Albanian Tourism

Ksamil, a glorious beach of the Albanian Riviera

Ksamil, a little gem on the south coast

Ksamil is a small town located about 15km (9 miles) south of Saranda and is known for having some of the only sandy beaches in the area and small islands within swimming distance intertwined with a breath-taking scenery and the abundance of fresh seafood at very cheap prices makes it one of the best places to visit whilst you’re in Saranda.

Ksamil was built in 1966 and is part of Butrint National Park. In the summer this is the main beach for tourists and locals alike. Beach area is limited, especially on the sandy parts, so expect to pay around 500 leke for two beach chairs for the day.

Ksamil, a little gem on the south coast

Paddle boats, jet skies and other water activities are also available. In addition, there are numerous hotels and guesthouses in Ksamil Village if you decide to stay overnight and not take the bus back to Saranda. During the off-season however, expect to have the beaches to yourself and less selection in restaurants and hotels, as many close around the end of September.

Ksamil Beach is slightly more expensive than other places in Albania; that said, it is still quite a bargain compared to other countries. For an average hotel room, expect to pay around $20-30 per night. A villa fitting about 4 people will cost more like $80 per night.

Ksamil Beach Saranda Albania

Food in Ksamil is also relatively cheap. Pasta will cost you between $3-5, whereas a seafood plate will cost you around $5-10 depending on what you get. There are also various “fast food” options like gyros which will cost you much less. Alcohol in Ksamil is also quite cheap, costing around $1-2 per beverage, and even less if you’re brave enough to try rakia – the Albanian national spirit consisting of distilled grapes.

Ksamil is composed of a handful of islands and a few beaches on the mainland. The beaches connected to the mainland can be quite crowded during the peak summer season. If you’d prefer a more secluded beach, you can either take a boat to one of the smaller islands or, if you’re a strong swimmer, it is possible to swim over. There isn’t much to do in Ksamil except swim and sunbathe. However, there are tons of day trips you can take easily and cheaply, such as visiting the Blue Eye (Syri I Kalter), the UNESCO World Heritage of Butrint, and the ancient “stone city” of Gjirokastra if you want to go a little further afield.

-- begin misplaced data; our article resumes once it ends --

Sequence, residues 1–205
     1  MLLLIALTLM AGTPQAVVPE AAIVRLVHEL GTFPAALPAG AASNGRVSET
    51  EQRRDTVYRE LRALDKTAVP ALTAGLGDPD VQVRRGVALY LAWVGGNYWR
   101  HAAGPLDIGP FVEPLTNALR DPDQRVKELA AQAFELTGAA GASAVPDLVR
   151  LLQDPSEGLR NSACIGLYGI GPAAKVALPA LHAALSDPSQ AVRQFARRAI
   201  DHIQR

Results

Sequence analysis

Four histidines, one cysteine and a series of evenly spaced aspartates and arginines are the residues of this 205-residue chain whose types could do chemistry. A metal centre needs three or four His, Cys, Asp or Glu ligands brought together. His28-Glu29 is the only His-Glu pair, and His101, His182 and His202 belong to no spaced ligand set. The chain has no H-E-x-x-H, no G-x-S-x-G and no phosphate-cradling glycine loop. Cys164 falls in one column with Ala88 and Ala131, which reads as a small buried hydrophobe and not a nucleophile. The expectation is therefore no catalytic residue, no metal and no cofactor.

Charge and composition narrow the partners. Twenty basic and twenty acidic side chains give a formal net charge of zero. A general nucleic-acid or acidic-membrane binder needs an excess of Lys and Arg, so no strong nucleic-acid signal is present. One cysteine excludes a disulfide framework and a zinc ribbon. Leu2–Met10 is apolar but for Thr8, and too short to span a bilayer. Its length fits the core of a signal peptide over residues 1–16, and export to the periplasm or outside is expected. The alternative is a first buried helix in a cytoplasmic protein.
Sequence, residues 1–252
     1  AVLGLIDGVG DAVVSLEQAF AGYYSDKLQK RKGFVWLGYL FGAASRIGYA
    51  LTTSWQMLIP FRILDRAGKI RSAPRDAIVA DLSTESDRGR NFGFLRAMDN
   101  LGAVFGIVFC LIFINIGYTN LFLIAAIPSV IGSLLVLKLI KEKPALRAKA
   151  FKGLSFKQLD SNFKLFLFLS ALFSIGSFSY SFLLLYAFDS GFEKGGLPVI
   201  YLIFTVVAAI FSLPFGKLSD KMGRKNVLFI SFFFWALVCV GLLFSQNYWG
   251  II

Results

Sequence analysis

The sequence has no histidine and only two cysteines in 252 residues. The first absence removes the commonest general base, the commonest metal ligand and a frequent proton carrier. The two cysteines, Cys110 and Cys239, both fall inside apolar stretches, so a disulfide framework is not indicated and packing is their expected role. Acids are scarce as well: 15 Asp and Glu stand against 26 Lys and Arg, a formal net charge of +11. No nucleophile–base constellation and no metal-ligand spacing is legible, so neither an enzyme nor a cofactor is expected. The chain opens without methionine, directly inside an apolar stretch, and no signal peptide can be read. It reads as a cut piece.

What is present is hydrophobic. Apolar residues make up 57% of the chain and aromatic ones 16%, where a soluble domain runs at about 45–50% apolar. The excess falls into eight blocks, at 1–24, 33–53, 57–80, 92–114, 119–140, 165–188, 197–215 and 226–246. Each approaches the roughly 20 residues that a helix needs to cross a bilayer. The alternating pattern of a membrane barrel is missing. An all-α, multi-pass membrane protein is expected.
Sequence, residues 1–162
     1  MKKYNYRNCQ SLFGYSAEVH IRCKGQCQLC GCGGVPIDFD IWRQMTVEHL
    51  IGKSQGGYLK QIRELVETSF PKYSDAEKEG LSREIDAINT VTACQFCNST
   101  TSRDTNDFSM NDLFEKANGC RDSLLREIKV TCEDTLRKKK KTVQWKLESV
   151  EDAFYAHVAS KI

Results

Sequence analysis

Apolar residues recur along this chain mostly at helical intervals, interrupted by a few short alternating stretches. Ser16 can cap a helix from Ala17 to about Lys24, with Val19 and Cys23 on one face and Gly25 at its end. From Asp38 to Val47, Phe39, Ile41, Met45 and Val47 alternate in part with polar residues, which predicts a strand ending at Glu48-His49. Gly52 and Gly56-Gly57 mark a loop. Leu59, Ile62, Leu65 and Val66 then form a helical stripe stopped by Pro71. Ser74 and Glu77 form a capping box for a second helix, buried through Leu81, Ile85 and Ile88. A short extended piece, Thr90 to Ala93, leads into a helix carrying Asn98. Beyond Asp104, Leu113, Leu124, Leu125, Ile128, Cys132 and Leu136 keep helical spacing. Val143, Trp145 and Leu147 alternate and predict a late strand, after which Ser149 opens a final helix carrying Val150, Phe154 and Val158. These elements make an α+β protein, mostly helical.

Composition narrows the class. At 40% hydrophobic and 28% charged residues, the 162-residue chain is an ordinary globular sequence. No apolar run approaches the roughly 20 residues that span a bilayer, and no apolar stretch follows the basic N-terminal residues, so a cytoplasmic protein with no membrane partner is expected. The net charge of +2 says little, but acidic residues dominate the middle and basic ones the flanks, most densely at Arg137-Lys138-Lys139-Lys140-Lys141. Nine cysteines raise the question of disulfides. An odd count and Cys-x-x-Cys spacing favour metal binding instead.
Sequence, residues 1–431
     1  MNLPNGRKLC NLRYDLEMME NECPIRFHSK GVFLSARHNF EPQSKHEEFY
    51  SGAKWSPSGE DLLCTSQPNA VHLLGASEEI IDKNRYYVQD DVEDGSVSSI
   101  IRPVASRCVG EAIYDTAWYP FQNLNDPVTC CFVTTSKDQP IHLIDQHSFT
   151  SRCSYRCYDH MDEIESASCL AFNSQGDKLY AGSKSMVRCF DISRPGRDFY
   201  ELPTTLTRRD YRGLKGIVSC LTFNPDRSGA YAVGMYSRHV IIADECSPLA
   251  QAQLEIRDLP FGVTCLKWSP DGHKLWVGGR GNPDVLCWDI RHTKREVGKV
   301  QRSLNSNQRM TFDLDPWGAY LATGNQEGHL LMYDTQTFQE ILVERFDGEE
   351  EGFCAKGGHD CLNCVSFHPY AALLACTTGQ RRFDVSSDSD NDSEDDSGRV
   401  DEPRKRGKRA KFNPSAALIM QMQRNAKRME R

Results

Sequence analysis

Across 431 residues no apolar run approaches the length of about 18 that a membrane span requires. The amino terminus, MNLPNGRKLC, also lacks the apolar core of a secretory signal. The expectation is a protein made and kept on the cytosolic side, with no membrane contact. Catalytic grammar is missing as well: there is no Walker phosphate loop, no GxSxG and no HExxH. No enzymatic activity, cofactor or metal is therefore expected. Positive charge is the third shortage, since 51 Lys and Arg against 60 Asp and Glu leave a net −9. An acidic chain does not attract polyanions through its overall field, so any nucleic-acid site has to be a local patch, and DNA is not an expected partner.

Transportation via bus is frequent between Ksamil and Saranda, making it the perfect destination for a day outing. Hitchhiking is also an option, which is easy in small groups and safe for female travelers.

Ksamil Beach 2

Some tips and info on Ksamil

  • You can see the Greek island of Corfu from anywhere in Ksamil.
  • The waters in Ksamil are crystal clear and full of sea-life which can make for excellent snorkeling.
  • There is wi-fi on the beach.
  • In the peak season you can expect to pay 500 Lek for two sun beds and umbrella but this is well worth it if you’re planning on staying for most of the day. If you’re going at the height of the season you’ll want to make sure to get to Ksamil early or after 3:30pm if you want a seat else they will be taken.
  • You can walk from Ksamil to Butrint in around an hour. You’ll walk through many olive groves and pass secluded beaches; few people do this which makes it even better.
  • There are 4 small islands in Ksamil. Two of them are within swimming distance and are very close. The other two “twin-islands” are a little further out and normally require a jet ski, paddle boat or normal taxi-boat to be reached. The benefit of going to the further away islands is that you’ll likely have them to yourselves and avoid the crowds. There are a number of small cafés and restaurants on the Twin Islands too which offer good food, drinks and service.
  • You’ll look to pay around €1 for a beer and €4-7 for a main dish.
  • Locals in the area speak good English, Greek and Italian

Watch Ksamil, Pema e Thate

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